In June 1919, writer, Darrell Figgis as editor began a new newspaper called ‘The Republic’, for an independent Ireland that was yet to emerge.
The publication had a short lifespan. It appeared to end a year into independence the paper’s print run came to an end. On October 7th 1922 copies of the publication were “seized and destroyed”. The reason given, that in a recent issue Civic Guard, Sergeant Fox, who was at the time subject to an inquest was slandered by the paper. Darrell Figgis, on the side of the ordinary man put it to the head of Government if it was their intention to compensate the newspaper vendors and paperboys. No reply was reported.
In 1919, one hundred years ago, the artist, Paul Henry left Achill for pastures new, after making the Island his home for near a decade. He had intended to stay for a short time only but could not drag himself away, being captivated by the island’s otherworldly beauty. In his own words:
He and his wife, Grace, also a painter, settled into the island life helped by Emily, who Henry, described as, “a woman who bubbled over with enthusiasm”. She was was the person who introduced him to the locals as he recalled many years later;
As a token of his appreciation, he gave her some of his artwork, one was a painting called “Twilight Houses”. Emily being Emily gave more than she took and lent the painting to Darrell Figgis. Inscribed on the reverse: “Lent to D. Figgis by E. M. Weddall 15 . (?) 4 . 1918”. Knowing Emily she may never have reclaimed the picture. Many years later the painting resurfaced from the hidden world of private collections, when it went up for auction by Whites of Dublin in 2006.
In the following years Paul Henry, got reabsorbed into city life , and was involved in the founding of the Society of Dublin Painters. He did return to Achill towards the end of his life, perhaps retracing his owns steps, before he penned his autobiography, An Irish Portrait. By then many of his friends there, including Emily were no more.
Claud Chevasse first came under the radar as a person of interest to the authorities, after being arrested in Cork for refusing to speak English to the arresting policeman. He was summoned to court andwas fined £5 or spend a month in Jail. Claud Chevasse would not pay the fine on principle, citing that Ballingeary was in an Irish speaking area and the sergeant could have easily have found a translator.
Like Emily and Darrell Figgis he became a person of interest to the authorities, perhaps attracting their attention after the above incident. He was arrested during the Rising and taken to Richmond Barracks, but was released a few days later as there was no substantial against him. But as a ‘rebel’ he felt that he and his fellow prisoners should have had a fair trial, but it was denied due to the chaos after the insurrection.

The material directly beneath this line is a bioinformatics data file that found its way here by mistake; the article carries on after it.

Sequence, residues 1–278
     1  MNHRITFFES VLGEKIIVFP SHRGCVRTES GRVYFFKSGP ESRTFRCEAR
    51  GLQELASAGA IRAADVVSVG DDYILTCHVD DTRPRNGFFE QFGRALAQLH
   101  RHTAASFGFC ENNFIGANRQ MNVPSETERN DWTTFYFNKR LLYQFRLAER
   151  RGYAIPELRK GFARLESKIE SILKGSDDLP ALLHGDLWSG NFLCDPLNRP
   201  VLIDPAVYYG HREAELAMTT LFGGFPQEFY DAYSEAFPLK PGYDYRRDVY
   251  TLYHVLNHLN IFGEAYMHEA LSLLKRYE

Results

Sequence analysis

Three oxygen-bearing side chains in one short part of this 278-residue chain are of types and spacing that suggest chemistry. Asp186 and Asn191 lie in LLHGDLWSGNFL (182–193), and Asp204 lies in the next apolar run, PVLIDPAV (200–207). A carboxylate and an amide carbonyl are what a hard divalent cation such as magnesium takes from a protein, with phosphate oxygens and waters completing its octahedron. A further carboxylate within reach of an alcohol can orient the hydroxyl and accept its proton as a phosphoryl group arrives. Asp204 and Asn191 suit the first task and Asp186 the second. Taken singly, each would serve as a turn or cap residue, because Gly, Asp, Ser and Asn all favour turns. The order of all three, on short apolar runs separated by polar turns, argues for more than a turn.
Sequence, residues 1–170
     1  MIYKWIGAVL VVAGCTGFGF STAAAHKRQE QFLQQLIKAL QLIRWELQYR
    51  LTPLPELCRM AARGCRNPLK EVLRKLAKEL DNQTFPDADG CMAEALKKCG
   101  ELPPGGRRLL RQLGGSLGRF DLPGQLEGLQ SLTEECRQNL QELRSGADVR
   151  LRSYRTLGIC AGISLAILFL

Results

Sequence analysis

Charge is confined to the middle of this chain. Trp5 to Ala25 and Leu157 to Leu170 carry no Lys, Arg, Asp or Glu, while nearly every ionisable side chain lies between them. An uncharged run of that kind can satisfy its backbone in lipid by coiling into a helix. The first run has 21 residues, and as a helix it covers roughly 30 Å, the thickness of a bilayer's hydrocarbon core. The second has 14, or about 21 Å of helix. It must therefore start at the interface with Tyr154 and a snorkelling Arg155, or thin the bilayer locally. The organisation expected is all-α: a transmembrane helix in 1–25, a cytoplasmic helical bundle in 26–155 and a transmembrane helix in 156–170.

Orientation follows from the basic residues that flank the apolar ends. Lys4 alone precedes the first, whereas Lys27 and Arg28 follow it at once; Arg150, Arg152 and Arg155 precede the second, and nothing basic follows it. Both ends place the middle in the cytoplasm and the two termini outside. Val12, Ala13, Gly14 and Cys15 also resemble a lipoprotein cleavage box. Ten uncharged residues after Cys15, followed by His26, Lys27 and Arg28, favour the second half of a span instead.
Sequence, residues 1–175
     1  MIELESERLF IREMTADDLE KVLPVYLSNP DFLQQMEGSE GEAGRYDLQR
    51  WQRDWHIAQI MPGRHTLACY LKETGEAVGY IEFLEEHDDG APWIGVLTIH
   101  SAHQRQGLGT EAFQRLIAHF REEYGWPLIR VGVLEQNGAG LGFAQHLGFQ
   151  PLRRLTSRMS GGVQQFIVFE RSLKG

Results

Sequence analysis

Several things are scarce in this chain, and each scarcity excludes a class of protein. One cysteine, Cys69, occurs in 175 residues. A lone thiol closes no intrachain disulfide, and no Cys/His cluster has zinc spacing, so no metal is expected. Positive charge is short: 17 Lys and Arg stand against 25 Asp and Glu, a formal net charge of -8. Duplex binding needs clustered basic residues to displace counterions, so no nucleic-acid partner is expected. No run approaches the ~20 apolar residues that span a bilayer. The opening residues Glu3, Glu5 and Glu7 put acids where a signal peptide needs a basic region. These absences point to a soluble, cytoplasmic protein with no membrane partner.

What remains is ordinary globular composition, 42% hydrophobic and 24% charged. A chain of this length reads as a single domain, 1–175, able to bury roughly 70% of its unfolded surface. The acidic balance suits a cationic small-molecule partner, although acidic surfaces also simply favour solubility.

To make things worse his bicycle, his main method of transport was ‘mislaid’ along with it his broach, possibly the one in the picture below that he wore with pride on his brat (sash). It was a gift from Scoil Acla.
Freeman’s Journal 04 April 1916Weekly Freeman’s Journal 13 June 1914
26 February 1916 – Wigan Observer and District Advertiser – Wigan, Lancashire, https://search.findmypast.ie/record?id=ire%2fpettys%2f005174188%2f00427&
One hundred and ten year ago John Millington Synge died. He was only a week or so shy of his thirty eight birthday. Having only enjoyed a short period of fame, little more than half a decade, illness and eventual death cutting it short.
BIOGRAPHICALLY the most remarkable feature of Synge’s career was its brevity. In the six years which elapsed between 1903, when In the Shadow of the Glen was produced, to 1909, when he died, he rose from absolute obscurity to world fame, and provided us with six plays on which his reputation must rest” Read more:
Originally published in Minute History of the Drama. Alice B. Fort & Herbert S. Kates. New York: Grosset & Dunlap, 1935. p. 118
Emily and Synge were friends from Gaelic League and literary circles but may have known one another from their earlier years. Both came from clerical families and were similar ages, she slightly older. There is a possibility that they met in their youth. Emily’s father and Synge’s uncle were both evangelical missionaries in the 1850’s. Synge’s uncle went to the Aran Islands, with the view to converting, the islanders, Emily’s father, Mayo and Connemara. Both men were run out of town. There was a good chance they were close enough friends as Emily was one of a relatively small group that attended his funeral, traveling cross country all the way from Achill to Dublin.